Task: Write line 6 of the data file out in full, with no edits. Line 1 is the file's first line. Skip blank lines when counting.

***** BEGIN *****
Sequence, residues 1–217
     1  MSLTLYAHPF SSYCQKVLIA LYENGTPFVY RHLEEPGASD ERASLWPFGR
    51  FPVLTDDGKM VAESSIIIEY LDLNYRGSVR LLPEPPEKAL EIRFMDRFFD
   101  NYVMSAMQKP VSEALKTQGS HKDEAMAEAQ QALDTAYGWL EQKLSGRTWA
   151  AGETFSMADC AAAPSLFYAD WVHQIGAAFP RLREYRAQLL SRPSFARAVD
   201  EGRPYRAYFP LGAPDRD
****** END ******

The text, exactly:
   201  EGRPYRAYFP LGAPDRD